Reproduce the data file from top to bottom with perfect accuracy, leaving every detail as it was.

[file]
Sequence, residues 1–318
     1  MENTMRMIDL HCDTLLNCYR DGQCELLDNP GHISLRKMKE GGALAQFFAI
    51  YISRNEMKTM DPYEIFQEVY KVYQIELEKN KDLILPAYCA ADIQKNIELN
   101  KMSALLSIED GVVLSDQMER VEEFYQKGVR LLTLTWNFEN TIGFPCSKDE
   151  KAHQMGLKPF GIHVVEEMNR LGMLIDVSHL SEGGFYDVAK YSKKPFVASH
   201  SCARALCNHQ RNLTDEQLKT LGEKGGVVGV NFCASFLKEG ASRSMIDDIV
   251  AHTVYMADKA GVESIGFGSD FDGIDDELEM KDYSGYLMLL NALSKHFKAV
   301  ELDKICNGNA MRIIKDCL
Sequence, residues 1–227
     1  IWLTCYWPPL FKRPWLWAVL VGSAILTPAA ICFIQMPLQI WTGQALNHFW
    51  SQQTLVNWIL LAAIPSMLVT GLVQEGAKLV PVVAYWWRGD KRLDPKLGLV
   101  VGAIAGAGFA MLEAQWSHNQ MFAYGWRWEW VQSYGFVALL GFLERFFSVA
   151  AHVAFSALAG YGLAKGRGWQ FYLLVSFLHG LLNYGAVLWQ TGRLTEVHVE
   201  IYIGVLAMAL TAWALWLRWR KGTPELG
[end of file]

Sequence, residues 1–318
     1  MENTMRMIDL HCDTLLNCYR DGQCELLDNP GHISLRKMKE GGALAQFFAI
    51  YISRNEMKTM DPYEIFQEVY KVYQIELEKN KDLILPAYCA ADIQKNIELN
   101  KMSALLSIED GVVLSDQMER VEEFYQKGVR LLTLTWNFEN TIGFPCSKDE
   151  KAHQMGLKPF GIHVVEEMNR LGMLIDVSHL SEGGFYDVAK YSKKPFVASH
   201  SCARALCNHQ RNLTDEQLKT LGEKGGVVGV NFCASFLKEG ASRSMIDDIV
   251  AHTVYMADKA GVESIGFGSD FDGIDDELEM KDYSGYLMLL NALSKHFKAV
   301  ELDKICNGNA MRIIKDCL
Sequence, residues 1–227
     1  IWLTCYWPPL FKRPWLWAVL VGSAILTPAA ICFIQMPLQI WTGQALNHFW
    51  SQQTLVNWIL LAAIPSMLVT GLVQEGAKLV PVVAYWWRGD KRLDPKLGLV
   101  VGAIAGAGFA MLEAQWSHNQ MFAYGWRWEW VQSYGFVALL GFLERFFSVA
   151  AHVAFSALAG YGLAKGRGWQ FYLLVSFLHG LLNYGAVLWQ TGRLTEVHVE
   201  IYIGVLAMAL TAWALWLRWR KGTPELG